Save the dishesEdit

To "save the dishes" means to "put away the dishes into cupboards where they belong after being washed". While dishes are the most common subject, it is not uncommon to save other things. For example: Save up the clothes, saving the tools, save your toys.

Get/Run down at the storeEdit

"Getting/Running down at the store" involves stepping out of a car to enter the store. Most commonly, the driver will ask the passenger, "Do you want to run/get down with me?" One can get down at any place, not just the store. The phrase "get down" may come from the act of "getting down from a horse" as many areas of Acadiana were only accessible by horse (or boat) well into the 20th century. It also may originate from the French language descendre meaning to get down, much as some English-Spanish bilingual speakers say "get down," from the Spanish bajar.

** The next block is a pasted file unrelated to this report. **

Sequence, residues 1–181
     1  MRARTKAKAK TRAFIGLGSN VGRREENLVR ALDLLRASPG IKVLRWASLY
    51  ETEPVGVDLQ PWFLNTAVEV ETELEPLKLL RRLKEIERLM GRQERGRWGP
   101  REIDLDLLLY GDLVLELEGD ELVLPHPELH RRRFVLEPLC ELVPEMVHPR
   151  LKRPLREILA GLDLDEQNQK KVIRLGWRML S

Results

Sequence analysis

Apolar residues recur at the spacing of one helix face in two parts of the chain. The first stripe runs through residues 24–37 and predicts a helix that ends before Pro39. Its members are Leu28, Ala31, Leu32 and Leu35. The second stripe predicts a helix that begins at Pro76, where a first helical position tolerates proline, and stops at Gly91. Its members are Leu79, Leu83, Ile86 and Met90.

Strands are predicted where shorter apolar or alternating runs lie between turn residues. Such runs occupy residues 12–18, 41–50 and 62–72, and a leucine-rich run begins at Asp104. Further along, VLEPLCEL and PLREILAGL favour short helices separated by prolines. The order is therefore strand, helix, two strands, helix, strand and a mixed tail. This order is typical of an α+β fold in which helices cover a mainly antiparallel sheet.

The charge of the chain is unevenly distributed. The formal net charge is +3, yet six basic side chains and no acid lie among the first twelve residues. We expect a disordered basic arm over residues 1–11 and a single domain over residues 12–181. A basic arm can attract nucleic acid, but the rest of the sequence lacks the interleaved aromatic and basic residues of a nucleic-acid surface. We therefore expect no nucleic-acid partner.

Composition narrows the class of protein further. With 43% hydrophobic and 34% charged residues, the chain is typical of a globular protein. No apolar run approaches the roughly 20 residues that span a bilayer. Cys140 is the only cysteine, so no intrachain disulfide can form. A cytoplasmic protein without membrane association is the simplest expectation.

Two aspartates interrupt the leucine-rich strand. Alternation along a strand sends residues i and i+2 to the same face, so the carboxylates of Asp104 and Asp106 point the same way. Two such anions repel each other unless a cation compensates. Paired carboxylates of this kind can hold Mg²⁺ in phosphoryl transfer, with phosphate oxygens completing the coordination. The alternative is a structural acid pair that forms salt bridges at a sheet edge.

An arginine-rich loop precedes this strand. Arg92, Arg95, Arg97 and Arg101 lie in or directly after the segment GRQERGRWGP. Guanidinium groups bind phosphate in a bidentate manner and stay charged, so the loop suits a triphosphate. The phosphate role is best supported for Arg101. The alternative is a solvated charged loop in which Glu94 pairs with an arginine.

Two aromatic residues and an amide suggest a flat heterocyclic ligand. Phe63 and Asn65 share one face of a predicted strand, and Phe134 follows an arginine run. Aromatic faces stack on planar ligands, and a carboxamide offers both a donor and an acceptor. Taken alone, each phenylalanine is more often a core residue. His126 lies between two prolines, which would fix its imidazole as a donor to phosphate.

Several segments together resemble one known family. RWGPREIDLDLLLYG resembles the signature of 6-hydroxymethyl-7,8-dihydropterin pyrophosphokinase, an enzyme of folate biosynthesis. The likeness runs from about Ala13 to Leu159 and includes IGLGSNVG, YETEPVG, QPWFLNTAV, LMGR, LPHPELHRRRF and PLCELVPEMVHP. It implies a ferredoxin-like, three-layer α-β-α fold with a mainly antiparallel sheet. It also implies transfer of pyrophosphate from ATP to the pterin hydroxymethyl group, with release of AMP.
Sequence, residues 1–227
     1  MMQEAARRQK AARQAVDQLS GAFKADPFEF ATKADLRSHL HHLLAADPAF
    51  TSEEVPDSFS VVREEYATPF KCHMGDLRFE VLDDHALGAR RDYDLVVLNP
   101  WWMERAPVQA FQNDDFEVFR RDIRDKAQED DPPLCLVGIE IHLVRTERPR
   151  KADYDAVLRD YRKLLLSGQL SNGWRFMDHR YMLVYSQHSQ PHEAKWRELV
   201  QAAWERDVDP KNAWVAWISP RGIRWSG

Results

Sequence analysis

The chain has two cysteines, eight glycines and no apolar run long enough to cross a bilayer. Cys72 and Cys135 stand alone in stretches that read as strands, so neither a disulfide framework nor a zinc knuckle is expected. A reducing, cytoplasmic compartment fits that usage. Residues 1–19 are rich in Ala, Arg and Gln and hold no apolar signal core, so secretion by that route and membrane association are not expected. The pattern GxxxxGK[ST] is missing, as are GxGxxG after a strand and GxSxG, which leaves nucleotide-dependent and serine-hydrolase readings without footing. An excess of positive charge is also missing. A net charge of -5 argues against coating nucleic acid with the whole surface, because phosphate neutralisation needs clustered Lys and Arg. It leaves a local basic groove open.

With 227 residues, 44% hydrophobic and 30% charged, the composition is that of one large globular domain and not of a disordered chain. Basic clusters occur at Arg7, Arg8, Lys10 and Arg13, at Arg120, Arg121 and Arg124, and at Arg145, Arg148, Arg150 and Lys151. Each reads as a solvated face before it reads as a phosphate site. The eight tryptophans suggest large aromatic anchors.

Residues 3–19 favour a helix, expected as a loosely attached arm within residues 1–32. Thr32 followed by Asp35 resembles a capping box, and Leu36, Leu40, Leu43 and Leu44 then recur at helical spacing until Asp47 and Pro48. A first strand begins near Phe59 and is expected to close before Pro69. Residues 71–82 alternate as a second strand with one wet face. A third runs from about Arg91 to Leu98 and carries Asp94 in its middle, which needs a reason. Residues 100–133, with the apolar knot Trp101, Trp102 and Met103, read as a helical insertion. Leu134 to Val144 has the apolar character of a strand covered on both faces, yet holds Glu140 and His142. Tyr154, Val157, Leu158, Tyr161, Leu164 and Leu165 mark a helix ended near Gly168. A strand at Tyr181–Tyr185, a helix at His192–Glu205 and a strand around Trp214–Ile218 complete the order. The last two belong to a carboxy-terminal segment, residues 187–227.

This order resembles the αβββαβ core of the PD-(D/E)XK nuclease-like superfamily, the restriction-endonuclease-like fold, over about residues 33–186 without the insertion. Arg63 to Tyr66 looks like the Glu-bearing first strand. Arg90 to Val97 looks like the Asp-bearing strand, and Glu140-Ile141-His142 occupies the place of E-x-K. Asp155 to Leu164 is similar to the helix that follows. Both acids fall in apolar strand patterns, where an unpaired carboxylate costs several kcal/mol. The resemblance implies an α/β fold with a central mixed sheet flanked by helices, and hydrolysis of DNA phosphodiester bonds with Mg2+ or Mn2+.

Makin' (the) groceriesEdit

"Makin' groceries" refers to the act of buying groceries, rather than that of manufacturing them. The confusion originates from the direct translation of the American French phrase "faire l'épicerie" which is understood by speakers to mean "to do the grocery shopping." "Faire" as used in the French language can mean either "to do" or "to make." This is a term frequently used in New Orleans, but it's not used very much elsewhere in the Acadiana area. [4]

Make waterEdit

"Makin water" is using the bathroom. One would say, "I need to go make water." It's mostly used in New Orleans.

In popular cultureEdit


  • In the television series Treme, Cajun English is often used by most of the characters.
  • In the television series True Blood, the character René Lernier was introduced with a Cajun accent.